Applying Robert Kiyosaki’s Cashflow Quadrant Principles To Network Marketing

Robert Kiyosaki wrote the book “Cashflow Quadrant” in 2000, following the astounding success of his “Rich Dad, Poor Dad” book. From a network marketing perspective, his principles of moving your source of income from the employee side to the business side of his quadrant makes perfect sense for any aspiring wealth builder.

The basic concept of the Cashflow Quadrant is that we all earn money from one or more of four different sources. Namely, employees make money from a job they hold; self-employed people own their own job and typically run small businesses; investors make money from their various investments; and, business owners make money from the business systems they put into place.

At this point people are often confused by the difference between a self-employed person and a businessperson. Michael Gerber explains this concept well in his book, “The E-Myth,” and clarifies Kiyosaki’s concept of the business quadrant. According to Gerber, a self-employed person only makes money when he or she is actively involved in the daily operation of the small business; whereas, the business person has established systems and control mechanisms which allow him or her to make money from the business, whether he or she is actively involved in its day to day operations or not.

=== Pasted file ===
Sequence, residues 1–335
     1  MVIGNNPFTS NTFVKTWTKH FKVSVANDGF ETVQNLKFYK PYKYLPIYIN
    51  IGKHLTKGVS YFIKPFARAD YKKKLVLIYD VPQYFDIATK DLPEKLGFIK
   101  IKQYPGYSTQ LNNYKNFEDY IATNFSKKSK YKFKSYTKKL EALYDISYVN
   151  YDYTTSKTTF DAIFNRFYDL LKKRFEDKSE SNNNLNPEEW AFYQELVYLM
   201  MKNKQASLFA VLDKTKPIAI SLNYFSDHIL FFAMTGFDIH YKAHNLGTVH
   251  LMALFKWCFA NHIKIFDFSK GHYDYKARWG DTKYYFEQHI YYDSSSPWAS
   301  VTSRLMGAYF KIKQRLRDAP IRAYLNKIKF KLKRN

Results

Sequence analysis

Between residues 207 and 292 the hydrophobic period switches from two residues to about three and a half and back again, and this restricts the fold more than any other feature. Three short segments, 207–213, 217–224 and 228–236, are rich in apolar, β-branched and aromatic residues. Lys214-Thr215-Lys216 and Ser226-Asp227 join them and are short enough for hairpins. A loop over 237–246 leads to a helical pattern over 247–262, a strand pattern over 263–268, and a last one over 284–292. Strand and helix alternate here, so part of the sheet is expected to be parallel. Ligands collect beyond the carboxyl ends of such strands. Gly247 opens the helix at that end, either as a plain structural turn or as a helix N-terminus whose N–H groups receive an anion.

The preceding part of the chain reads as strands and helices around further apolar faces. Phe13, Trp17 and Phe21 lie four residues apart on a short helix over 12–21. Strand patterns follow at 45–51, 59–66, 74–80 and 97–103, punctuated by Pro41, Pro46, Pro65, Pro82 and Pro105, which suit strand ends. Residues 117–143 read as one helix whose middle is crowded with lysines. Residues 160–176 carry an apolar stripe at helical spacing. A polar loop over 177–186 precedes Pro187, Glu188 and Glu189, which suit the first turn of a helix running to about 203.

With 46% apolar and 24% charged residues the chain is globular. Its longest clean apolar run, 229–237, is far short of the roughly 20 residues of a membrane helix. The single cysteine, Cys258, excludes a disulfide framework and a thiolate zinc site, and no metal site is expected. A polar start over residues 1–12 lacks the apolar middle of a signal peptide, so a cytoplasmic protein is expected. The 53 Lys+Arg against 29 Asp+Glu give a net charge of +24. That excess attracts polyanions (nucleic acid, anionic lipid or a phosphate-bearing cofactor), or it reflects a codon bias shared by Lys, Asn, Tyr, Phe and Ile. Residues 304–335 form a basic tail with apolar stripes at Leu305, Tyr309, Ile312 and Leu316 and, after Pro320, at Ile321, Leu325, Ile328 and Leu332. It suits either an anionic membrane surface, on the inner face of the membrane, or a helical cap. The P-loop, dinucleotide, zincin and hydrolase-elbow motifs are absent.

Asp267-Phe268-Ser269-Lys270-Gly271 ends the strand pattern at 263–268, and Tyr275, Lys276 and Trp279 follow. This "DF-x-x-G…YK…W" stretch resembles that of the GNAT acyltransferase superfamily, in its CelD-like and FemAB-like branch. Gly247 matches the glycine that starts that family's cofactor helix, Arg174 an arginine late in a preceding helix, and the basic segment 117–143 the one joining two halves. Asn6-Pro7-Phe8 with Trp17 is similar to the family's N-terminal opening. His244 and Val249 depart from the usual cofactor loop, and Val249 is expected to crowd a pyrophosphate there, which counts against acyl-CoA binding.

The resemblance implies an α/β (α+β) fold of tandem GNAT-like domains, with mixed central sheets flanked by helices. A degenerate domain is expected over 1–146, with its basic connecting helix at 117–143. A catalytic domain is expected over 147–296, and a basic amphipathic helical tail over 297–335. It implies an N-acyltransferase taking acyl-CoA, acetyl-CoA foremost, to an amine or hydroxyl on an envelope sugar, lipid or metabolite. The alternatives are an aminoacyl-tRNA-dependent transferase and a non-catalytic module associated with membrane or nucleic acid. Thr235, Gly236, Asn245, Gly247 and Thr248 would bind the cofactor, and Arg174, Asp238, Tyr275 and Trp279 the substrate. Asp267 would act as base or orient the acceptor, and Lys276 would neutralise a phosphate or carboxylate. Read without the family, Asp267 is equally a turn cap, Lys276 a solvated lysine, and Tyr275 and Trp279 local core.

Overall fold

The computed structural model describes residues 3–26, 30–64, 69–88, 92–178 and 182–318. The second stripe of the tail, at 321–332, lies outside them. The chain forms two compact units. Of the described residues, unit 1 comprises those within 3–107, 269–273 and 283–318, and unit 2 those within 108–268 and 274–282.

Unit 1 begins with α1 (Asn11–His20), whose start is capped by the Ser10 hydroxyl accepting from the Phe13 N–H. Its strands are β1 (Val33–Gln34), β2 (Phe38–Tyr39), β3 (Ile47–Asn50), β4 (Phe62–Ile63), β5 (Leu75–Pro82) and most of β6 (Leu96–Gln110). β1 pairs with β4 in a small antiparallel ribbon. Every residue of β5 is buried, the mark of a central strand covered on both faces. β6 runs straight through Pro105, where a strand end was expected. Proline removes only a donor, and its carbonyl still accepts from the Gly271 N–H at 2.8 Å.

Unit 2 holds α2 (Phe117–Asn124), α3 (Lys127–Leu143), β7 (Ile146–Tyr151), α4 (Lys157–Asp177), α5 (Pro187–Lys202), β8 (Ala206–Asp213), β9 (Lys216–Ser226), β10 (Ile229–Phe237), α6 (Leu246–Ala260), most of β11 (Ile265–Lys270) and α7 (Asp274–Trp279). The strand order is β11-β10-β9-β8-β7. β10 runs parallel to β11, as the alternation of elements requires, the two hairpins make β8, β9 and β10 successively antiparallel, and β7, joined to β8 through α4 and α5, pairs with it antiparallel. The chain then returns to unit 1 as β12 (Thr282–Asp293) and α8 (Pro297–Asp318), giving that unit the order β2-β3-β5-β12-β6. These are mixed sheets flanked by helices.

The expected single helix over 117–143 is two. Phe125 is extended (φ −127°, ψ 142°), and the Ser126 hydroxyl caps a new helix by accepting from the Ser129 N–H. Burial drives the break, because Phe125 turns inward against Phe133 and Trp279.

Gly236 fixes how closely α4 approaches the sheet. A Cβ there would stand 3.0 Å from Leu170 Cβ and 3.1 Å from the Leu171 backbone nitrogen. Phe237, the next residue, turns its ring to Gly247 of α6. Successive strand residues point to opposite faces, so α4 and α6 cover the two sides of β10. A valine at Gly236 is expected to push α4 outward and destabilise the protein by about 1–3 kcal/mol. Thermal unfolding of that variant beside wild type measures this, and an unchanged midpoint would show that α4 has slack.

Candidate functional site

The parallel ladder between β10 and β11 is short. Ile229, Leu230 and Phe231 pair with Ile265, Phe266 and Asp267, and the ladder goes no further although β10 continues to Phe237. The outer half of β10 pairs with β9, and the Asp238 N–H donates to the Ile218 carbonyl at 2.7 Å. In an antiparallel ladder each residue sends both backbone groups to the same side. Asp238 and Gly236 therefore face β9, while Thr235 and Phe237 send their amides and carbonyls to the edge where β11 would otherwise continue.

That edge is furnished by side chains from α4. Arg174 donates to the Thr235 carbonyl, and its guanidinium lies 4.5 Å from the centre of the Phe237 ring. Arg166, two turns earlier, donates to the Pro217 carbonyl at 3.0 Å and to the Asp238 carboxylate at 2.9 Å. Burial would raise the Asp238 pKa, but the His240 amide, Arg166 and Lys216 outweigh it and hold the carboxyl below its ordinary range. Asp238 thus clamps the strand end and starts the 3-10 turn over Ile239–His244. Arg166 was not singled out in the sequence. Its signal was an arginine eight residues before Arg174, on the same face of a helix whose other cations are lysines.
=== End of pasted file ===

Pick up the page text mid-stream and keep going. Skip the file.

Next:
This “systems” approach to operating a business is crucial to Kiyosaki’s philosophy of creating passive sources of income, and is the ultimate goal of any network marketer.

As a network marketer, you begin your business in the self-employed category, and with work you build your team to a point whereby you can essentially make money on autopilot. When you reach this point, your business has moved your source of income from the self-employed corner of the Cashflow Quadrant to the business corner, essentially creating a residual income that will serve you well for years to come.

That is the beauty of Robert Kiyosaki’s Cashflow Quadrant and network marketing.

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